WIHA Rules and Information
The Walk-In Hunting Access (WIHA) program developed out of a pilot project started in 1995 when the Kansas Department of Wildlife and Parks leased private land and opened it to public hunting. A survey of WIHA landowners and users that first year foundgreat acceptance among both groups. Much of the early success of the program was due to the responsible behavior of hunters.The WIHA program promises every hunter who purchases a Kansas hunting license the opportunity to enjoy the state’s wildliferesources. Common sense and ethical behavior will ensure that the program expands and remains popular.The following guidelines will assist sportsmen in using WIHA tracts:
1. Obey all Kansas hunting regulations.
WIHA areas are for hunting only. Other activities, including trapping, are prohibited through the WIHA program,. Hunting accessis allowed by foot traffic only. Vehicles are not allowed. Do not trespass on neighboring property. Signs will mark property lines.Hunt and walk only on the side which is enrolled in WIHA, especially if the area is bordered by a creek or hedgerow. WIHA tractsare open to hunting September 1 – January 31, or November 1 through January 31, depending on contract period. (A few areas inthe east may be open through March 31.) Entering a WIHA tract prior to or after the contract period without landowner permissionfor any reason is trespassing. Any game species with an open season during the contract period may be hunted on WIHA, using thelegal means and method of take, with the exception of some WIHA tracts designated as “No Firearm Deer Hunting.”
2. Hunters must be ethical, respectful, and sportsmanlike.
Obey the safety zone concept. Maintain a buffer around buildings, homes, and livestock. Respect the rights of the landowner andothers using the area. Do not litter. Take all trash with you. Do not enter abandoned or maintained buildings on the area. Do not leavegame remains in parking areas or along roads. Treat the land as if it were your own and act responsibly. Do not destroy or damageany equipment, machinery, or other items left on the area. Take precautions to avoid starting a fire, especially during drought peri-ods. Do not block access drives to crop fields or pastures on WIHA tracts or neighboring properties. Park only in designated park-ing areas or along the road. Leave gates as you found them and avoid stretching or damaging fences when crossing them.
3. All regulations for KDWP public lands apply to WIHA. For a complete listing of regulations, contact a KDWP office. Thefollowing activities are NOT permitted through the WIHA program:
Target practice, trapping, commercial or noncommercial dog training, camping, horseback riding, stocking or releasing of wildlife, operation of vehicles, discharge of fireworks, fires, littering, drinking cereal malt beverages or alcoholic liquor, and destruc-tive acts, including digging, destruction, or removal of signs or vegetation. Although the WIHA program allows access for huntingonly, trapping may occur on WIHA properties by individuals with appropriate landowner permission.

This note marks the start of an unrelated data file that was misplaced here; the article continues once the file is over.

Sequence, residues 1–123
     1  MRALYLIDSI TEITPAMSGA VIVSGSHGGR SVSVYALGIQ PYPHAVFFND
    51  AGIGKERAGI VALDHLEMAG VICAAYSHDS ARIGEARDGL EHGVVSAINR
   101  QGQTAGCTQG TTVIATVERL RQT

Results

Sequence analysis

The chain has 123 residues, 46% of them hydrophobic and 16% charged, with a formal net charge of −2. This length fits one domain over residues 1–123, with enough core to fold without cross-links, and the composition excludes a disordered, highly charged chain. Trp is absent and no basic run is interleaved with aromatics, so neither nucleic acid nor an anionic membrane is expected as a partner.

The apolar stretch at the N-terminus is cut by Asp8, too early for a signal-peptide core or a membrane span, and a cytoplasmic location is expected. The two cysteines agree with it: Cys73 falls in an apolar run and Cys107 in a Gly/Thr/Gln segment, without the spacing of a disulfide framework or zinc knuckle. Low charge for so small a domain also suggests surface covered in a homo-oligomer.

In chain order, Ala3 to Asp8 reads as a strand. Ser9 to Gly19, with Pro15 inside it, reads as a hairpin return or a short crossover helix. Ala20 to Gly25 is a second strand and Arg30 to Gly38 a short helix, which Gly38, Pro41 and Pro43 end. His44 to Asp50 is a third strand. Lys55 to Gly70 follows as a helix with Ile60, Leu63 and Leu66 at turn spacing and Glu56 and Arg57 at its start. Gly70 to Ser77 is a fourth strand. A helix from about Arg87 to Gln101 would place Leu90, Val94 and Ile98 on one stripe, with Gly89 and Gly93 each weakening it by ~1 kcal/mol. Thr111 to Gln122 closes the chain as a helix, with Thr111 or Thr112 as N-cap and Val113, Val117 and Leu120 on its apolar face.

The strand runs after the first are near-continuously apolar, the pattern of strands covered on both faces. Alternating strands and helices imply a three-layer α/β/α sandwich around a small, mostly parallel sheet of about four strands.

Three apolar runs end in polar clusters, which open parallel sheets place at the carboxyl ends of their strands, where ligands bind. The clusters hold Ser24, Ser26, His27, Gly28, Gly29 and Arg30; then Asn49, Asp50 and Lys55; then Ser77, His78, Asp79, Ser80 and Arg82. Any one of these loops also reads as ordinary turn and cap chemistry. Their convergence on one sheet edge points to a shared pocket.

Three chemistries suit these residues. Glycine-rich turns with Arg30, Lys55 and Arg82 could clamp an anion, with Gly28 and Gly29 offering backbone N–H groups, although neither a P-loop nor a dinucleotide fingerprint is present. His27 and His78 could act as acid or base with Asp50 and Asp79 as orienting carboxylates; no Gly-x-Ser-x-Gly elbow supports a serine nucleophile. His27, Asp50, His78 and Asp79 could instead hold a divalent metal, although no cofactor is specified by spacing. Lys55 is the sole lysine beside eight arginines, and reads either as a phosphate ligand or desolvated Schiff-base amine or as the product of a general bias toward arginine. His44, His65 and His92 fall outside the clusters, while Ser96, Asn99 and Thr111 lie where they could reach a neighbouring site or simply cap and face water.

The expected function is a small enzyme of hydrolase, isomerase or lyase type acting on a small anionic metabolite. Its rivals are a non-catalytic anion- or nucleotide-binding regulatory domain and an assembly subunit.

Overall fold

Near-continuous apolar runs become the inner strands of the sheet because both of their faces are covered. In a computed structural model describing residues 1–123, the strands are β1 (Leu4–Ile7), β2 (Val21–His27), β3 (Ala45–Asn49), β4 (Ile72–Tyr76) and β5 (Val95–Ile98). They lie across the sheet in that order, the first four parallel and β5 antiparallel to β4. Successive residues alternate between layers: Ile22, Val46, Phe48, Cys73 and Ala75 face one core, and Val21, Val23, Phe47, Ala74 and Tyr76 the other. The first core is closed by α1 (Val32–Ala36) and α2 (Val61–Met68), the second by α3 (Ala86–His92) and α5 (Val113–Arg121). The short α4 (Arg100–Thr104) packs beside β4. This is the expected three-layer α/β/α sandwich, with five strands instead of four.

4. Respect unharvested crops.
KDWP biologists negotiate agreements with cooperators well in advance of crop harvest. In some cases, in order to obtain theproperty in WIHA, it is agreed that access be limited until crops are harvested. Such fields will be posted with “NO HUNTING INUNHARVESTED CROP.” If land is included in the same WIHA that is not unharvested crop, that property may be hunted. If theproperty does not have signs indicating “NO HUNTING IN UNHARVESTED CROP,” that crop field may be hunted. However, careshould be taken not to cause crop damage.
5. Agricultural considerations.
The majority of land leased for WIHA is comprised of CRP grass. Occasionally, USDA releases CRP land for emergency hayingand grazing. KDWP has no control whether WIHA property is hayed or grazed. However, if WIHA is hayed or grazed, the cooper-ator may receive a reduced payment.Less than 25 percent of land enrolled in WIHA is cropland. This may include wheat or milo stubble and winter wheat. In some cases,tracts are in crop rotation; one year a tract may be winter wheat and the next it may be milo stubble. In other cases, the cropland por-tion is accepted to round out the other acres and make signing and access easier. Some winter wheat is specifically enrolled for gooseor crane hunting. WIHA contracts are signed months in advance of the hunting season, and at the time the contract was signed the areahas suitable habitat and hunting opportunity. If habitat is negatively impacted by the cooperator, payment reduction will occur. However,if habitat is negatively impacted by weather, no payment reduction will take place. As part of the agreement, livestock may be presenton some tracts. These areas may still be hunted, but hunters must use common sense to avoid harassing or injuring livestock.
6. Be aware of tract-specific regulations. Report violations to the local natural resource officer.
Some WIHA tracts are limited to youth dove hunting only (Sept. 1 - Sept. 30). These tracts are noted in the atlas legend and aremarked with different colored WIHA signs. Youth 16 and younger may hunt on these areas if accompanied by a parent or guardianover age 21, who may hunt with the youth. Only one adult per youth may hunt in the party.Sportsmen’s behavior will decide the future of these areas. Kansas landowners have voluntarily offered over 1 million acres of land to Kansas hunters for public hunting. These landowners can remove property from the program any time for any reason. KDWPencourages hunters to be responsible, ethical, safe, and courteous to ensure that the future of WIHA remains strong.Extended weather extremes will impact quality of hunting.Due to the large number of impending CRP cancellations, some WIHA tracts may be removed.Please consult the KDWP website for up-to-date listings of withdrawn tracts.